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All Island Civic Dialogue must focus on alternatives to Brexit

2 November, 2016 - by Gerry Adams

Sinn Féin President Gerry Adams has this morning addressed the All Island Civic Dialogue on Brexit in the Royal Hospital Kilmainham.

Teachta Adams said the forum “should not be about a hard Brexit or a soft Brexit.  It needs to be about moving beyond the consequences of Brexit and looking at alternatives.”

He said it “must be about securing designated special status for the North.  That threatens no ones constitutional preference and this State, as a continuing member of the EU, has the right and in our view the obligation, to bring forward such a proposal.”

Full text of Gerry Adams’ address follows:


Go raibh míle maith agat a Cathaoirleach,

Ar dtús baire, tá mé buíoch as an déis labhairt libh anseo ar maidin mar Uachtarán Shinn Féin.

Tá mé an sasta a bheith libh agus cuirim failte mór ar an comhdháil seo agus tá Sinn Féin buioch d’on Taoiseach agus Aire Flanagan as an ocáid a cuir le cheile.

Tá se hiontach na cheidth daoine a fheiceal ar maidin.

‘Brexit’ is already presenting massive challenges for the island of Ireland in the realm of trade and commerce.

Such challenges are obvious in Border counties, including my own constituency of Louth, where there is real concern amongst the business community.

Many are already being affected.

There is also very real concern in the north, where the prospect of inflation and an increase in the cost of living is likely, despite some short-term gains as a result of currency fluctuation. 

Jobs are at risk, investment is under threat and our agricultural community faces systemic complications.

And that is just the tip of the iceberg.

Beyond the enormous and unprecedented economic challenges, the entire post-Good Friday Agreement all-island institutional and political architecture is under very serious threat.

This is a direct consequence of the insistence of the British government that they intend to undermine the expressed democratic wish of citizens in part of our island to remain in the EU. 

Alongside London’s refusal to fully embrace elements of the Good Friday Agreement which they are responsible for, all-Ireland co-operation and integration, and the enhanced  community, cultural and social relations - which have been so beneficial to all the people of our island - face upheaval.

Citizens, families and communities will be on the receiving end of such difficulties.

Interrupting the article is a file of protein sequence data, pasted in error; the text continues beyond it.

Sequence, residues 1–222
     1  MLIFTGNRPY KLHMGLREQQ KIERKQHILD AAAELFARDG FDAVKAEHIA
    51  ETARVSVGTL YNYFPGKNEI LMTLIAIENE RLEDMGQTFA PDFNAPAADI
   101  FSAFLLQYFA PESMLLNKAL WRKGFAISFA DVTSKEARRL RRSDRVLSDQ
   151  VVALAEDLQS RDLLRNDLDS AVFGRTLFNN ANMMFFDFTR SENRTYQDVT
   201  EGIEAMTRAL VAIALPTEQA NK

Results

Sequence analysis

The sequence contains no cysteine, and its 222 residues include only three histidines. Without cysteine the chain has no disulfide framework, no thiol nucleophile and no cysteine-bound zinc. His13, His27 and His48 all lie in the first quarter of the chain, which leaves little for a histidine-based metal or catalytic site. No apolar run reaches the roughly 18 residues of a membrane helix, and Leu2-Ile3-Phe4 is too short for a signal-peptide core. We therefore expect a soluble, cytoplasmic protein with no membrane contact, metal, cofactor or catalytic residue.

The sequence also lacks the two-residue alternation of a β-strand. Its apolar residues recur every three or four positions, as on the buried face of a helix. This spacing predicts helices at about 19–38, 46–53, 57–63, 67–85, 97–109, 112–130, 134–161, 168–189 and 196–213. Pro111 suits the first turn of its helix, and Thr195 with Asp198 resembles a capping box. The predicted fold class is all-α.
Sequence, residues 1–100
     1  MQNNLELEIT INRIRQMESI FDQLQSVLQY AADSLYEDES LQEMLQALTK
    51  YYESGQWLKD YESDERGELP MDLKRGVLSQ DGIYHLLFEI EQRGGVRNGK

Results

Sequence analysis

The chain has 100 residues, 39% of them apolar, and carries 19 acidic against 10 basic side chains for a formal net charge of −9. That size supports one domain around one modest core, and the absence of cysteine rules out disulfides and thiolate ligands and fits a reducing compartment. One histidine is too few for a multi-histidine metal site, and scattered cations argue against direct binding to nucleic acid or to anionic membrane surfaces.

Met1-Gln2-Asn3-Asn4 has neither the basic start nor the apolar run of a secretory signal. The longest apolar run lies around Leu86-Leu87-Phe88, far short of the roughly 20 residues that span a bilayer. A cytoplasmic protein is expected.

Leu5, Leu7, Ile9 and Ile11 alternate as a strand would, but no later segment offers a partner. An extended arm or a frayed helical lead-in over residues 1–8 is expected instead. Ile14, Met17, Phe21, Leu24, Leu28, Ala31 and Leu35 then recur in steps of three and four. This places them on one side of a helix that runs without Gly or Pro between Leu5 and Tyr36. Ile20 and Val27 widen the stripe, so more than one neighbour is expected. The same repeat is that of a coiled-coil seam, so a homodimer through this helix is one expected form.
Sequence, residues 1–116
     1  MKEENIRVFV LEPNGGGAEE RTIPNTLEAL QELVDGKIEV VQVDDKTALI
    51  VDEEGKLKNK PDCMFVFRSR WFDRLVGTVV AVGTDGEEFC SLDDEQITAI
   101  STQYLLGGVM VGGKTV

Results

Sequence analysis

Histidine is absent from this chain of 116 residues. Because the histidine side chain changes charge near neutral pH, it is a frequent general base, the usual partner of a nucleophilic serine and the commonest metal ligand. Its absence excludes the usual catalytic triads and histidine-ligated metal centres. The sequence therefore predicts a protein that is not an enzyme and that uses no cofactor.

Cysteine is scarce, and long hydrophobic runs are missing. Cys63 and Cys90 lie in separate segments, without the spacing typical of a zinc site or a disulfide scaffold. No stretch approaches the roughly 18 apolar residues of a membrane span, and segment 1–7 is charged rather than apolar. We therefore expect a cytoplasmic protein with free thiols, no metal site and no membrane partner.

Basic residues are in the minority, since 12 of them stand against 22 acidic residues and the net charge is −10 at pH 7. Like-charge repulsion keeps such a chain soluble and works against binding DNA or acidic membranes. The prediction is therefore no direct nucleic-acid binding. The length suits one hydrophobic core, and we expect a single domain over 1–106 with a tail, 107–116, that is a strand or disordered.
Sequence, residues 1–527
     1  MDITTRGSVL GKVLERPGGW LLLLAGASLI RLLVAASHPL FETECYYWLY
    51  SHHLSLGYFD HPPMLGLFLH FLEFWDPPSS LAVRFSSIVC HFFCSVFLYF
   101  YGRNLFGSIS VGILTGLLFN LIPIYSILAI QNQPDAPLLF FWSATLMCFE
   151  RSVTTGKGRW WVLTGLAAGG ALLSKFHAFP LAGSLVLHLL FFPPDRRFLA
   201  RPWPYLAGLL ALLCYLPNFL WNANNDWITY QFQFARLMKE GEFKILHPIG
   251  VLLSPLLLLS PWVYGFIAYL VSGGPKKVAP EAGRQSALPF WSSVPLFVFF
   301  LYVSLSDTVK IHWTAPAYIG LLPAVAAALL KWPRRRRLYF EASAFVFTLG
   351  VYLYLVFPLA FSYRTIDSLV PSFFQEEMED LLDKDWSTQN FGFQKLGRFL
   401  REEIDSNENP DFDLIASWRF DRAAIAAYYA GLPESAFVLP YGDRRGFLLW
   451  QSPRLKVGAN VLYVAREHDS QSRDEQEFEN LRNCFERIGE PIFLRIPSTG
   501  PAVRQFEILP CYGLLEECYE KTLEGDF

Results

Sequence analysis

In Sinn Féin’s view, our collective purpose here today and in other sessions of this Dialogue has to be about informing and shaping the government’s negotiating strategy.

Caithfidh an straitéis sin an bpróiseas síochána a chosaint.

That means ensuring the political, constitutional, economic and legal status of the Good Friday Agreement.

It means maintaining the freedom of movement of people and goods without tariffs or border controls.

It means safeguarding cross-border structural and peace funding.

And the human rights protections under the European Convention on Human Rights, which are such a critical component of the Good Friday Agreement and are central to the peace process, must be maintained.

To that end, the overriding principle and objective of our deliberations needs to be about securing the position of the island of Ireland within the European Union, in line with the democratically expressed wishes of citizens in the north. 

That means openly and meaningfully exploring options through which Ireland, in its entirety, can remain in the .

This should not be about a hard Brexit. Or a soft Brexit.

It need to be about moving beyond the consequences of Brexit and looking at alternatives.

That’s not beyond our collective wisdom.

A referendum on Irish unity should not be ruled out.

That is Sinn Féin’s preference.

We should also look to already unique arrangements in place in the EU.

Denmark is an EU member, yet Greenland is outside the Union.

It still receives European funding.

The EU, as a result of a decision by the European Council in this city in April 1990, became an active persuader for the reunification of Germany.

Northern Cyprus, in the event of Cypriot reunification, will be fully integrated into the EU.

Its seats in the European Parliament are allocated on the basis of the population of the island of Cyprus, not merely the de-facto State.  

It is an arrangement that must be considered for Ireland, given the inherent right of those born on this island to Irish citizenship, and by virtue of that right, citizenship of the European Union as well.

So rather than wait to see what the British government does, we need to be proactive about setting out alternatives - constitutional, political and otherwise - that protect and promote the national interests of our island.

That means acting nationally, in the accurate and meaningful meaning of that word.

It means defending Ireland’s interests, and defending the rights of citizens.

So, we must be about securing designated special status for the North.

That threatens no ones constitutional preference and this State, as a continuing member of the EU, has the right and in our view the obligation, to bring forward such a proposal.

The EU has proved itself capable of accommodating unique circumstances.

But it up to us to make the argument.

If we choose to persevere, act boldly, but first and foremost in line with the mandate of citizens on the island of Ireland, we can emerge stronger in a more outward-looking, progressive European Union.

Sin é an rogha a chairde.

Go raibh míle maith agaibh.

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